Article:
Monday, May 02, 2011

The Coliseum

The thought of writing a blog posting on the Coliseum was almost intimidating to me. I mean, this place is a national heritage. It is an institution. It had been featured in some many media forms - books, magazines, newspapers (local and foreign), television documentaries and even movies. National leaders had dined and wined here. History was made here. Who am I, a mere perhaps over-enthusiastic foodster, to make comments on a place like this?

On the other hand, what respectable food blog can ignore such an institition? So I gathered five family members and made our way there for dinner one Saturday night. The Coliseum, as any Klang Valley folk would know, is located on the busy Jalan Tuanku Abdul Rahman in Kuala Lumpur. I would not even bother name any nearby landmark. In fact, if at all, it should be the landmark for other places.

I had not been there for many many years - perhaps twenty or more. And nothing had changed. I guess this place has changed very little over the past 90 years since its establishment in 1921. The aura in the main dining hall is like you are in the early 1900s. Everything seem so ancient - the wall, the ceiling, the lights, the fans and the unconcealed electrical wirings. They still have large hooks on the wall where you hang your coats or jackets - that is, if you still wear a coat when you go out for dinner.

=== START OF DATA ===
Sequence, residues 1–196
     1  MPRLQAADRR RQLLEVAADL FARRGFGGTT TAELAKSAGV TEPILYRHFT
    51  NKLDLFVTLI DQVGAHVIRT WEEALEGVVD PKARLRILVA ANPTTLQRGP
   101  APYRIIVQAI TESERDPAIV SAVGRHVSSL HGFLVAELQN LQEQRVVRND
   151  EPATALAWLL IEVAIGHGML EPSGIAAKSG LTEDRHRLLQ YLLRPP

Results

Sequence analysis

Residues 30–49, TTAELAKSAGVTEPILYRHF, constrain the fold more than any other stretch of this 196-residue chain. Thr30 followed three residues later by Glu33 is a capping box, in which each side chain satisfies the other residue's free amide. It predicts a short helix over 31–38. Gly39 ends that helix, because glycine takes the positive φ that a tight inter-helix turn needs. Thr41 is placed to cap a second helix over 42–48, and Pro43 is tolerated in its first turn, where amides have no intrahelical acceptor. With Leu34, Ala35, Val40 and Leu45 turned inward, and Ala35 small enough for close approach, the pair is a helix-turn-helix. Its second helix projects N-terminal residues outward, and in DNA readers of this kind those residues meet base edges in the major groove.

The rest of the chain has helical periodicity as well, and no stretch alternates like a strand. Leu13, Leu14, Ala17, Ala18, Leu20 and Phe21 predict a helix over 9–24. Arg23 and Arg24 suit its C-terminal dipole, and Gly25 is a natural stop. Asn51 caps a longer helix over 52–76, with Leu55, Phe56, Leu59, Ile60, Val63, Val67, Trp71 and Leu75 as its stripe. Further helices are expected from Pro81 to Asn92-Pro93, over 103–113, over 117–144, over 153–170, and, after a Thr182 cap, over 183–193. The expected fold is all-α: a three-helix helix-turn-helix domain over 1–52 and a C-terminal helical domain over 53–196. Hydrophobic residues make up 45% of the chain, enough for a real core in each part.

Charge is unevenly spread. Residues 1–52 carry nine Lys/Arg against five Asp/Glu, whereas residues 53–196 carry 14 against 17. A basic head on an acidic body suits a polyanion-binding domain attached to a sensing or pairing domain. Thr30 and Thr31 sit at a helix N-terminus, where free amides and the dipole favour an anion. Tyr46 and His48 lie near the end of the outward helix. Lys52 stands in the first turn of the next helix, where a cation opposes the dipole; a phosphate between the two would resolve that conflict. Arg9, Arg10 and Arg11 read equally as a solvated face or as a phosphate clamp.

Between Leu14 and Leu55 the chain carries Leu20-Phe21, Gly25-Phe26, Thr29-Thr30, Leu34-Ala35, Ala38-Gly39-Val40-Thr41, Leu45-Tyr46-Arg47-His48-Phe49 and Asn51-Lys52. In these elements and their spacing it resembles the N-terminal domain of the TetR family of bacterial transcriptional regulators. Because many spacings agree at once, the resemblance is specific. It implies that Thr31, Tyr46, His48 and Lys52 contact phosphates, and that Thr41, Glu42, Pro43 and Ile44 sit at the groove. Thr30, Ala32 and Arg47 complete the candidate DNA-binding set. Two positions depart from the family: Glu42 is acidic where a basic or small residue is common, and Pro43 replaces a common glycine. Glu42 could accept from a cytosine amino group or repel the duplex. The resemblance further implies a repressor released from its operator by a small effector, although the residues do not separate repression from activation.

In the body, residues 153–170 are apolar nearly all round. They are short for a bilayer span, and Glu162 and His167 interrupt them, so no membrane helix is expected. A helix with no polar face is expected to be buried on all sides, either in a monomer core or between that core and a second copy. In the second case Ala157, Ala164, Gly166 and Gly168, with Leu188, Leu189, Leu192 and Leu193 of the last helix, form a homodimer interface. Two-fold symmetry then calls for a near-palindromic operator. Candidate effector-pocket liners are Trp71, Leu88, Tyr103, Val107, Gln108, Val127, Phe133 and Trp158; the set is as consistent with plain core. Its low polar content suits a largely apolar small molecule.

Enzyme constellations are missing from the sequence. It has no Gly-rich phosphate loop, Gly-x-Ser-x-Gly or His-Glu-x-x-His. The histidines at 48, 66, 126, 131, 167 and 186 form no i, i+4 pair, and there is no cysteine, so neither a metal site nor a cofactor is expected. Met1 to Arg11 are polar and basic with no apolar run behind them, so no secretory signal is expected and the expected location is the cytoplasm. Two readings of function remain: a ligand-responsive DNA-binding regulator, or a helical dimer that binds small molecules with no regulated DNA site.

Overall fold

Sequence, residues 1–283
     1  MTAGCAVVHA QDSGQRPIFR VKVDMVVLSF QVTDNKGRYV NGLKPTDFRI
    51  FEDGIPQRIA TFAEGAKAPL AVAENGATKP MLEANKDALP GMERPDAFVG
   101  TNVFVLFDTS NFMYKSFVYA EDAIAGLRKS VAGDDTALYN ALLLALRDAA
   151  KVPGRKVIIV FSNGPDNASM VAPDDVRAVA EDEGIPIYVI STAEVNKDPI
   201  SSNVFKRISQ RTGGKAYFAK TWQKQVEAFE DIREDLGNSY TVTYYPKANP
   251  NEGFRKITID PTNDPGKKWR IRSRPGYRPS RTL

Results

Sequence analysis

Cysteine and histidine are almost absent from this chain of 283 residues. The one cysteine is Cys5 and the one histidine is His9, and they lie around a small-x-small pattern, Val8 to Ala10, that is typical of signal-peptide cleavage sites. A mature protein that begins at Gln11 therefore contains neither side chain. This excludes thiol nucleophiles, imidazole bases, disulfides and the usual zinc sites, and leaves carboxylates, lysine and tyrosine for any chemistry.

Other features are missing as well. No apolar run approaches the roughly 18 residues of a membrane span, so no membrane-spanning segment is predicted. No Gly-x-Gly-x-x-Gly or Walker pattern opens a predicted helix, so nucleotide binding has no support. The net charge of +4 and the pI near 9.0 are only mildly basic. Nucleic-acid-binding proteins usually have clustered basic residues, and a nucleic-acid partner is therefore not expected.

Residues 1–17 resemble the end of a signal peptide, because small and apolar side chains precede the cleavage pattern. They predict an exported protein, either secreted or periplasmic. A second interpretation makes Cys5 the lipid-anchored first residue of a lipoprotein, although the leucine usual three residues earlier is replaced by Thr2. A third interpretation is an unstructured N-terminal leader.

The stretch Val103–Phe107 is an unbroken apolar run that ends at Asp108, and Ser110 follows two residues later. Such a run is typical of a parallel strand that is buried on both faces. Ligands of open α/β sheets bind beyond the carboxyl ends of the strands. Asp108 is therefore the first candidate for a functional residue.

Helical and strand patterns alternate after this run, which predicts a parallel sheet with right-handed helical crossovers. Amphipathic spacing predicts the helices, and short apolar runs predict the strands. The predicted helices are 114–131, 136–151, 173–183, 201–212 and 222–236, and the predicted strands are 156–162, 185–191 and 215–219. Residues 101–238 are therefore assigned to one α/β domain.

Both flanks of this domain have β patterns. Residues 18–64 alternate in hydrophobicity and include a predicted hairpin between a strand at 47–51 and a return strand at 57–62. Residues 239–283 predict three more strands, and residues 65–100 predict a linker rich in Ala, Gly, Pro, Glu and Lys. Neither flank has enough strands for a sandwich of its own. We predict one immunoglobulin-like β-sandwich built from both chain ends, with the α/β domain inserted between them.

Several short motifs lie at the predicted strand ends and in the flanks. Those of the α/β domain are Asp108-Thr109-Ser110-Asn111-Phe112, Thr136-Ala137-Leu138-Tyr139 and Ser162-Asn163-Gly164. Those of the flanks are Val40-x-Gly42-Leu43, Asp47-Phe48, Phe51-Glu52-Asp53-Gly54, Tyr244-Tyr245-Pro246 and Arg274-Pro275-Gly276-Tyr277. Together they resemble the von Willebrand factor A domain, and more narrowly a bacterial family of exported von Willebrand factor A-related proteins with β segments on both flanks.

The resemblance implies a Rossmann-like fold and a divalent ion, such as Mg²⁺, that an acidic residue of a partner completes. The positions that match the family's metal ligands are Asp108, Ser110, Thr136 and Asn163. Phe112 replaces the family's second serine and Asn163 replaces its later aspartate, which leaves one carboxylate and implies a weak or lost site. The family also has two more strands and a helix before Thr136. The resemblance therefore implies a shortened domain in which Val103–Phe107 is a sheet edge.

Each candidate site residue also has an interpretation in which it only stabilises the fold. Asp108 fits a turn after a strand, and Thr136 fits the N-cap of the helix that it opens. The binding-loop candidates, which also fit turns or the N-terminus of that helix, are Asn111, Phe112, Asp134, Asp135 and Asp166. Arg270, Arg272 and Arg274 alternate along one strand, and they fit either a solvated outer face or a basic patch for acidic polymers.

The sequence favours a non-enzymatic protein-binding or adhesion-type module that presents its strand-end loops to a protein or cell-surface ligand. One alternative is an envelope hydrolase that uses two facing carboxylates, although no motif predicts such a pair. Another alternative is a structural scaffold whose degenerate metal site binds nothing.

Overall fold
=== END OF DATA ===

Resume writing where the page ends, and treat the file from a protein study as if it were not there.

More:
Next to the dining hall is the bar. It is difficult to find bars like this in Malaysia now. It is like a scene from an old movie. It exults the charm that perhaps only people in our age group would appreciate. Next to the bar counter are some nice old comfortable settees where those "jolly old chaps" in the colonial era probably had relaxed with their drinks.

There are some pictures and cuttings on the wall that bespeak the place's historical glory. But the pictures are few. I had the brief opportunity to browse through them. I wished there were more such pictures to record its historical prestige.

I recognized Captain Morgan from a television documentary. I went over, put my arm over his shoulders and led him to our table to take our orders. Capt Morgan speaks the Hainamese dialect and at our prompting spoke several sentences, which put me to shame for in spite of my roots I am not able to do the same.

The waiters here all wear the traditional white jackets. This uncle is over 90 years old. According to Capt Morgan, he has been working in the Coliseum for over 50 years. He was a little grumpy and because of that, I dared not approach to ask his name.

After the preliminary talks and survey of the place, we got down to the serious business of our dinner for the evening. We started with some soups. My oxtail was not too bad. It was flavorful and had good pieces of meat in it which I quite enjoyed.

But this bowl of mushroom soup (which I did not taste) was apparently like a can of Campbell.

Likewise the onion soup. It was watery and did not taste good at all.

The garlic bread was absolutely ancient - toasted coffee shop bread with a spread of garlic in butter.